- Our Firm
- Personal Injury
- Medical Malpractice
- Birth Injuries
- Apgar Scores
- Abnormal Birth
- Cortical Blindness
- Midwife Malpractice
- Preterm Labor Negligence
- Birth Paralysis
- Delivery by Forceps or Vacuum Extraction
- Hypoxic-Ischemic Encephalopathy (HIE)
- Neonatal Hypoxia
- Retinopathy Prematurity
- Brachial Plexus Palsy
- Developmental Delays from Birth Malpractice
- Infant Resuscitation Errors
- Neonatal Therapeutic Hypothermia
- Shoulder Dystocia
- Brain Damage/Head Trauma
- Erb’s Palsy
- Infant Wrongful Death
- NICU Malpractice
- Subgaleal Hemorrhage
- C Section Cases
- Facial Paralysis
- IUGR/Intrauterine Growth Restriction
- Nuchal Cord Malpractice
- Torticollis (Wry Neck)
- Fetal Acidosis
- OB-GYN Malpractice
- Uterine Rupture
- Cephalopelvic Disproportion
- Fetal Distress
- Klumpke’s Palsy
- Periventricular Leukomalacia
- Cerebral Palsy
- Fetal Monitoring Malpractice
- Placental Abruption
- Clavicle Fracture
- Group B Streptococcus
- Meconium Aspiration Syndrome
- Free Consultation
Health maintenance organizations, or HMOs, are one of the most popular forms of health insurance. Many workers receive HMO plans through their employers. HMOs place certain restrictions on doctors who accept patients with these plans, and give primary care physicians a particularly important role in the patient’s health.
What is an HMO?
HMOs are health plans that provide health services to members located in certain geographic regions in exchange for regular, fixed payments. HMOs became popular in the 1970’s when politicians backed the Health Maintenance Organization Act of 1973 as a step towards nationalized health care.
HMOs are run using either a staff, group, or network model. The staff model is the most common form; under it the HMO owns the healthcare facility where physicians are employed by the HMO practice. The group model involves a group of physicians contracting with the HMO allowing them to treat both patients with HMOs as well as patients with other insurances. The network model involves HMO contracts with multiple groups of physicians that members of the HMO can visit for prepaid health care services.
HMOs exercise more control over physicians than other healthcare plans because they require all members of the plans to maintain a primary care physician as the gatekeeper to the patient’s health. Members of HMO plans cannot see specialists without first visiting a primary care physician.
As prepaid plans, HMOs remove certain barriers to healthcare. Doctors face fewer concerns when they know that HMO patients can afford necessary healthcare because of the full coverage.
Medical Malpractice and HMOs
HMOs are notoriously difficult to sue for medical malpractice. Most states have ruled that HMOs are covered by the Employment Retirement Income Security Act (ERISA) of 1974 meaning HMOs are covered under federal law, not state, and cannot be sued by the state. Some states made rules that allowed for suing HMOs, but the Supreme Court ruled against the states and confirmed that federal law has presidence over state law. All insurance plans provided by employers are covered under ERISA, the only exceptions are the insurance plans for government workers.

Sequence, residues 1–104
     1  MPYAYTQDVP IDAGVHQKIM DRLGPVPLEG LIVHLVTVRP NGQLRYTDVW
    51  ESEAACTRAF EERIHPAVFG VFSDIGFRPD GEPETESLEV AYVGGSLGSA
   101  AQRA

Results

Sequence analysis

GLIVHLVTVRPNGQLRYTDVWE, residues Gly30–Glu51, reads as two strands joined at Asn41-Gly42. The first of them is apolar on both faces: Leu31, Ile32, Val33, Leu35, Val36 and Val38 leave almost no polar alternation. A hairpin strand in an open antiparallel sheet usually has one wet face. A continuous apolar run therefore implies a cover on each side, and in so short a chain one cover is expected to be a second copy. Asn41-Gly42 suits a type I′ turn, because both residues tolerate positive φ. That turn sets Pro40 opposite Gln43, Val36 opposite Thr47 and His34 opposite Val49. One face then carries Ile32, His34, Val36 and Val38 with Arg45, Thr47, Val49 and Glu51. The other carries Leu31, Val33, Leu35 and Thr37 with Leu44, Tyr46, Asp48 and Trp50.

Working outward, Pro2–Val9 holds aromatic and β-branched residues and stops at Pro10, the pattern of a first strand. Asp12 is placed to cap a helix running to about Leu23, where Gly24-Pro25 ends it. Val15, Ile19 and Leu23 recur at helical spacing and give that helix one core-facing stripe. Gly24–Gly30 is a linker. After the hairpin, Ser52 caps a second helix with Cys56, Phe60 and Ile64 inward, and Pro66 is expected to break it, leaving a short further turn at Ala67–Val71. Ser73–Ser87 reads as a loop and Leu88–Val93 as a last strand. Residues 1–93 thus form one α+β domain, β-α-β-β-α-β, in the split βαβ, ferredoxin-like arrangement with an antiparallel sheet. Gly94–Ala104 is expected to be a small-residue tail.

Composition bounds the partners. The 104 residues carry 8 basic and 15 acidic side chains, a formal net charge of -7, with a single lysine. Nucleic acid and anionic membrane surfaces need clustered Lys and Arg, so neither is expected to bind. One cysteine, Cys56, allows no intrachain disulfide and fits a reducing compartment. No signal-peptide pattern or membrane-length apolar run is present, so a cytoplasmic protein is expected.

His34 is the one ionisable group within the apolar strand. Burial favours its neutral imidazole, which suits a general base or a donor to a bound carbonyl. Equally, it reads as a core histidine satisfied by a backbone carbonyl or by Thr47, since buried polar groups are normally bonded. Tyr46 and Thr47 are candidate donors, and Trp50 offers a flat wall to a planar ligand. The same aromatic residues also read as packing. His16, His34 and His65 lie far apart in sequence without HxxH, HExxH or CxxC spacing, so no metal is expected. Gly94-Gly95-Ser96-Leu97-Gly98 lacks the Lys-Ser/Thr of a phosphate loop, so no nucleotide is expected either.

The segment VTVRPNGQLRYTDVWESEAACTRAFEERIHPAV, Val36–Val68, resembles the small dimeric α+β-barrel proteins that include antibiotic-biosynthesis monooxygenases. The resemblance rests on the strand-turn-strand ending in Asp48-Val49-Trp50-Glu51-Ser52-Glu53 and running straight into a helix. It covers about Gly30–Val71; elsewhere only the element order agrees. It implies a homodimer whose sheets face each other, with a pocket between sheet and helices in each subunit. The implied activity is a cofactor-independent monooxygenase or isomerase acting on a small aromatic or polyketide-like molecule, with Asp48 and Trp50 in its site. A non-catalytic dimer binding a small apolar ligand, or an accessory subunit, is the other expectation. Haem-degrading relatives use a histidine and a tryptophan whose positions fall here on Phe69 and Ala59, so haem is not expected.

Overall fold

Though difficult, patients can still sue HMOs if they were denied medical care or medications. The two major malpractice claims related to HMOs include denied care and failure in care by the primary care physician.
HMOs require their members to have a primary care physician to act as the head caretaker for the patient. This means that patients need to visit their primary care physician for any and every medical condition. The primary care physician will provide diagnosis and treatment if they can, and if not, will refer the patient to a specialist. It is the responsibility of the HMO and the primary care physician to make sure that the primary care physician has a proper patient load and the resources and knowledge to provide medical care or guidance to the patient. It is also the duty of the HMO and primary care physician to make sure that the patient is referred to another doctor when the primary care physician lacks the knowledge, skill, or resources needed to treat a patient.
Examples of malpractice related to HMOs include:
- A patient who is denied a medication by their HMO plan, and uses another medication that causes injury
- A patient whose condition worsens as a direct result of denied care
- A primary care physician failing to refer the patient to a specialist
- A primary care physician fails to refer the patient to a doctor or facility outside of the HMO network when needed
- Any physician working with an HMO fails to order necessary diagnostic tests for the patient
- An HMO member patient faces a delayed or missed diagnosis
Injuries to the Patient
If a patient suffers a serious injury as a result of an HMO’s negligence, patients can collect monetary damages for medical treatment, pain and suffering, lost wages, and in some cases, punitive damages. An experienced medical malpractice attorney can help you figure out if you or a loved one suffered negligence at the hands of an HMO or an HMO healthcare professional.